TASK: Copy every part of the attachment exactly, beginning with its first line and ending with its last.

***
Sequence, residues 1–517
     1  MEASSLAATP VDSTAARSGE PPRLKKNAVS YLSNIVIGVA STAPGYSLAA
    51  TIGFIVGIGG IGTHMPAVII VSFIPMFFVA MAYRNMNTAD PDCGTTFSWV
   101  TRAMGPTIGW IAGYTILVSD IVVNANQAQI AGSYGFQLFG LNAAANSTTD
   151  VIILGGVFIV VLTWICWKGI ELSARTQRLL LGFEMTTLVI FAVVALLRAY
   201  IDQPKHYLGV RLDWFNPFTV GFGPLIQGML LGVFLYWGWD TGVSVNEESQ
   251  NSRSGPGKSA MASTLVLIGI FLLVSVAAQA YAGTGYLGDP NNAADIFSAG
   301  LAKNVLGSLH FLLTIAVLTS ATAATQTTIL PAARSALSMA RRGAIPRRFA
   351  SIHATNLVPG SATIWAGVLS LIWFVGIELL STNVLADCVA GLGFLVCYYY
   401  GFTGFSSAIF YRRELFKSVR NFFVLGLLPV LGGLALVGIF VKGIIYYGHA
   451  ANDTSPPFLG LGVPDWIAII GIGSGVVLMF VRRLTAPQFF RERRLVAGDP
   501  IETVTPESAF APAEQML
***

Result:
Sequence, residues 1–517
     1  MEASSLAATP VDSTAARSGE PPRLKKNAVS YLSNIVIGVA STAPGYSLAA
    51  TIGFIVGIGG IGTHMPAVII VSFIPMFFVA MAYRNMNTAD PDCGTTFSWV
   101  TRAMGPTIGW IAGYTILVSD IVVNANQAQI AGSYGFQLFG LNAAANSTTD
   151  VIILGGVFIV VLTWICWKGI ELSARTQRLL LGFEMTTLVI FAVVALLRAY
   201  IDQPKHYLGV RLDWFNPFTV GFGPLIQGML LGVFLYWGWD TGVSVNEESQ
   251  NSRSGPGKSA MASTLVLIGI FLLVSVAAQA YAGTGYLGDP NNAADIFSAG
   301  LAKNVLGSLH FLLTIAVLTS ATAATQTTIL PAARSALSMA RRGAIPRRFA
   351  SIHATNLVPG SATIWAGVLS LIWFVGIELL STNVLADCVA GLGFLVCYYY
   401  GFTGFSSAIF YRRELFKSVR NFFVLGLLPV LGGLALVGIF VKGIIYYGHA
   451  ANDTSPPFLG LGVPDWIAII GIGSGVVLMF VRRLTAPQFF RERRLVAGDP
   501  IETVTPESAF APAEQML